Divorce affects father-child relationship: study

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Washington, Jan 12 (UNI) Adolescents whose parents are divorced become closer to their mothers, research says.

According to a recent study published in the Journal of Marriage and Family, 'parental divorce' creates an immense pressure on teens to decrease father-child closeness, supplemented by the many barriers created by a father's physical separation from the children.

''Historically, teens distance themselves from parents and increase involvement with peers,'' said co-author Dr Alan Booth, distinguished professor of sociology, human development and demography at Penn State.

''Coupled with divorce, this distancing may result in further declines in father-child closeness,'' Science Daily quoted him as saying.

Although research demonstrates that fathers' involvement with children has increased in recent decades, mothers continue to do the majority of childcare while fathers are the less involved parent.

Fathers, who often are the less involved parent before divorce, would have to increase their investment in the relationship just to maintain pre-divorce levels of closeness, which the vast majority of fathers do not do, the study explained.

''Therefore, fathers are at a disadvantage in closeness to start, and then divorce makes it even more challenging to be close,'' the researchers said.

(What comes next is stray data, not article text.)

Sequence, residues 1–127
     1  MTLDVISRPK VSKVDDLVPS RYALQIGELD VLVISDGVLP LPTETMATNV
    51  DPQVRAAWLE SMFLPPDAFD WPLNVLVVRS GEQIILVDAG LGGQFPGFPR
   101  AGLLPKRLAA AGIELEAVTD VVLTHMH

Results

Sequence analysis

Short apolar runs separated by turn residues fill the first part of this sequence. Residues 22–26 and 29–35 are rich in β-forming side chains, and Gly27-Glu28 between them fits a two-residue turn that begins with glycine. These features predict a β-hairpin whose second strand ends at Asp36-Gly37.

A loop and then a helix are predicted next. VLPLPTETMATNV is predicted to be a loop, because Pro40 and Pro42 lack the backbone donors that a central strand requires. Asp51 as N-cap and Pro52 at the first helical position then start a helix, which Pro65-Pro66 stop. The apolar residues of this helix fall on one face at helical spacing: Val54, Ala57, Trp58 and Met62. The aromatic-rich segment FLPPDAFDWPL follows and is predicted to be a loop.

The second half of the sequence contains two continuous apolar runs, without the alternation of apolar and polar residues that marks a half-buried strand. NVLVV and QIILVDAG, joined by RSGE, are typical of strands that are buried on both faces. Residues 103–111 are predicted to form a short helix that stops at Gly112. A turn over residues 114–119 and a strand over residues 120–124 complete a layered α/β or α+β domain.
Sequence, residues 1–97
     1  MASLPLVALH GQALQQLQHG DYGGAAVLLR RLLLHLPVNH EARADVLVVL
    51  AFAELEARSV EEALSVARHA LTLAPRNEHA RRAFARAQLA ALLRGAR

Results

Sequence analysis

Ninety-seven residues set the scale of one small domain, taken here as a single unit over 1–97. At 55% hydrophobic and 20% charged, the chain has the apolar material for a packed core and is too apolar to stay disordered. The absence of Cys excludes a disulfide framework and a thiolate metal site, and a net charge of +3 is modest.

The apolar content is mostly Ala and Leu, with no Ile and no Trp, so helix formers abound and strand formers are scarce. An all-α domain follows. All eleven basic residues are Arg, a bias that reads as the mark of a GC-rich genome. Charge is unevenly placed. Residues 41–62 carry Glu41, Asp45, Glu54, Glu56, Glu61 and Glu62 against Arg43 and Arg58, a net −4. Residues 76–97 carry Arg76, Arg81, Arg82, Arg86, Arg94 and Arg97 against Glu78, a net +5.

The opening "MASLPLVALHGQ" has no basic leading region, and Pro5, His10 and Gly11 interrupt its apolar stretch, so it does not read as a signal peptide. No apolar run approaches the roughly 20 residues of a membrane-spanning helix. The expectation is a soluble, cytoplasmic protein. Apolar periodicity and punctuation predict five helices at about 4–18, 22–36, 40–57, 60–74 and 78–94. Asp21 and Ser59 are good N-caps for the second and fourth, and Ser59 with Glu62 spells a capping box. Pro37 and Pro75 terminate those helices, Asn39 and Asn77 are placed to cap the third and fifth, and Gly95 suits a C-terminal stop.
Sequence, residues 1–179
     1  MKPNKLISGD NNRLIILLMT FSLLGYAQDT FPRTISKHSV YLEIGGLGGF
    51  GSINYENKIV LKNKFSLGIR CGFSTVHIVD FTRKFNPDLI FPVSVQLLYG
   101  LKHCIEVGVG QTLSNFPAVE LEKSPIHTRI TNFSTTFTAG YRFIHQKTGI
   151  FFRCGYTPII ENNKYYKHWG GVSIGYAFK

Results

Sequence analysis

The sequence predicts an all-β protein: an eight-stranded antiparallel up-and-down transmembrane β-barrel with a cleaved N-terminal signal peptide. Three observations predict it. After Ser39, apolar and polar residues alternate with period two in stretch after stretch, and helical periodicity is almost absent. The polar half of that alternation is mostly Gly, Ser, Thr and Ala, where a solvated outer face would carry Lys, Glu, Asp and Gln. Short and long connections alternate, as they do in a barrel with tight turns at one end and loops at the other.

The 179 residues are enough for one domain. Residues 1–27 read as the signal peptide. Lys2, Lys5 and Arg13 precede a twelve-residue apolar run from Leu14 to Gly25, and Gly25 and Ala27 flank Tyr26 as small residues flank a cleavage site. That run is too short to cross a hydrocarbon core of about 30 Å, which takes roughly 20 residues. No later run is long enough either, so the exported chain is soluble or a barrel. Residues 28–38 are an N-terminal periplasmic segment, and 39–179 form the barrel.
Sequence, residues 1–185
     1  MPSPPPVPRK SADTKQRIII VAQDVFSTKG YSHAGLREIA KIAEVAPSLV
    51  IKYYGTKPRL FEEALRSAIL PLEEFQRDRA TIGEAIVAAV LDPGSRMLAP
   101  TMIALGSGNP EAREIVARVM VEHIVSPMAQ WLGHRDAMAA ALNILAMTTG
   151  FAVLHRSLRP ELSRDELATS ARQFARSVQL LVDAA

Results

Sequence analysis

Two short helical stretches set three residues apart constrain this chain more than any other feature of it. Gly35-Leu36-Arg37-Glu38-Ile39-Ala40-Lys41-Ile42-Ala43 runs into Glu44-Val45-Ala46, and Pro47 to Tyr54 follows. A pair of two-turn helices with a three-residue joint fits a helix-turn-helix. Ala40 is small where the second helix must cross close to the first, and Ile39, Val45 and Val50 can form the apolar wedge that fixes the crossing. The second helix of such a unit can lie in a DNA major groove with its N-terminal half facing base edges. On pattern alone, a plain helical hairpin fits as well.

The team comprising Mindy Scott of Child Trends and Booth, Valarie King and David Johnson, all faculty at Penn State, conducted the study.

''71 per cent of youth reported being very close to their mothers prior to divorce, while 57 per cent reported being very close to their fathers,'' the researchers said.

The teens' withdrawal from fathers was much more severe among those with divorced parents (56 per cent) than among those with non-divorced parents (28 per cent), they added.

The proportion of youth who reported a consistently close relationship with their father was much higher among those with still-married parents (48 per cent) than among those with divorced parents (25 per cent), the report informed, adding that there was no significant difference in the change in closeness to mothers reported by youths in either group.

''Those teens who maintained a close relationship with their father had a stronger mother-child bond and a greater sense of well-being, defined as feelings about relationship qualities and perceptions of their own qualities and abilities,'' Dr Booth noted.

''Future research may look at information directly from the fathers about their evaluation of father-child closeness and his views of opportunities and constraints affecting before and after-divorce closeness with their children,'' he added.

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